For many years I have had dialogues and quarrels filled with arguments and counter-arguments regarding this, and what I always try to do is separate Occam’s principle (have just enough) from Occam’s Razor (simplification). I have to say that in this I am not often very successful; it is a subtle point to try to get across.
Both Occam’s Razor and Principle are relevant today. They are empowering and enlightening. If we take enough — if we do not overdo anything, if we get the balancing act just right, then we can avoid the fate of poor Icarus!
While I may have seemed somewhat anti-Razor, I actually like the myriad forms of it — and I would think it a good thing to seek simplicity in most things — as long as the simplicity is not detrimental.
For example, I would like less dumbing down in the media — a middle route is best (not too high brow and not too silly either), but I would like a simpler, more streamlined political system. I really do think politicians are not good for us. In general, I would like to have public services as simple as possible (but not too simple), but fewer very rich people and fewer very poor people (which simply means more people with enough). I would love simple traffic management systems such as advocated by Hans Mondermann (see How To Stop Traffic Jams & Save Lives and Why The Car Is Best), and a better sense of community with better connections between government and people, and between groups of people (see How To Manage Racism, Sectarianism and Sexism).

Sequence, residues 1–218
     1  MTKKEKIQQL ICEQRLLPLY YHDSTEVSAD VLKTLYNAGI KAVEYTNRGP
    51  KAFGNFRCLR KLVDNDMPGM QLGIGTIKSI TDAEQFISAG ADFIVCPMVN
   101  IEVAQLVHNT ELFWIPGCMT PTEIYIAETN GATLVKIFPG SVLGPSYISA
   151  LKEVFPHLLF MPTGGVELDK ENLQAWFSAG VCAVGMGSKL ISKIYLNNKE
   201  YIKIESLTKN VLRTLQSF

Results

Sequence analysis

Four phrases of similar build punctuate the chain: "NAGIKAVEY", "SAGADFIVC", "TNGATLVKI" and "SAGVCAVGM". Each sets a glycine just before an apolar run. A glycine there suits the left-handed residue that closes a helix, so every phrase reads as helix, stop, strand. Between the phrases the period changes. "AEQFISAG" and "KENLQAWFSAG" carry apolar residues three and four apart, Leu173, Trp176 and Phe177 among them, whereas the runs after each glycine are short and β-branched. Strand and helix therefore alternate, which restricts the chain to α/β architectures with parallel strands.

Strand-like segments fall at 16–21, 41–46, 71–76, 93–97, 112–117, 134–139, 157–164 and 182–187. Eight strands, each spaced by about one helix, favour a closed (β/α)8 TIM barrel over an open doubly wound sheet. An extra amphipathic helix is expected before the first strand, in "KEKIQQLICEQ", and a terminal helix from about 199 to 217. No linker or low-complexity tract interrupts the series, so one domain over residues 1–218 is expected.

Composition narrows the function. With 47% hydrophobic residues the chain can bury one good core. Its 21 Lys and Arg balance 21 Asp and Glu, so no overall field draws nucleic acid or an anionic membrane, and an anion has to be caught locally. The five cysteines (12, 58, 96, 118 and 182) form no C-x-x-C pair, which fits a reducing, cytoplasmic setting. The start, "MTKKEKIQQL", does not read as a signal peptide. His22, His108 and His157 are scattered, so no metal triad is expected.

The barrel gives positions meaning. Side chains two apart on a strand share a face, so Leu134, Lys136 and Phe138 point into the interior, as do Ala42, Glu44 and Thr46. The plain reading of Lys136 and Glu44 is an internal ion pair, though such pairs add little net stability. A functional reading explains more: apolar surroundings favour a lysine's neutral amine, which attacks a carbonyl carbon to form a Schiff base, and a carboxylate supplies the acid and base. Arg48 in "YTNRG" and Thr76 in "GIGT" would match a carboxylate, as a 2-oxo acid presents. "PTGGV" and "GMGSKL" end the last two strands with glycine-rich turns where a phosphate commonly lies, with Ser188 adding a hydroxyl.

I do not mind games with complicated rules, books with complicated ideas, challenging educational subjects, puzzles and so forth (as long as they are no more complicated than they need to be). I like to think for myself — and to be free and able to research for myself (see How To Get To Heaven Part 1, part 2 and part 3). However, I resent complexity in red tape and paperwork as much as I resent dumbing down and simplistic religious concepts (see How It All Began).
I don’t think I am unique in these respects, so I would urge people to think Occam, and get to work with that Razor of his!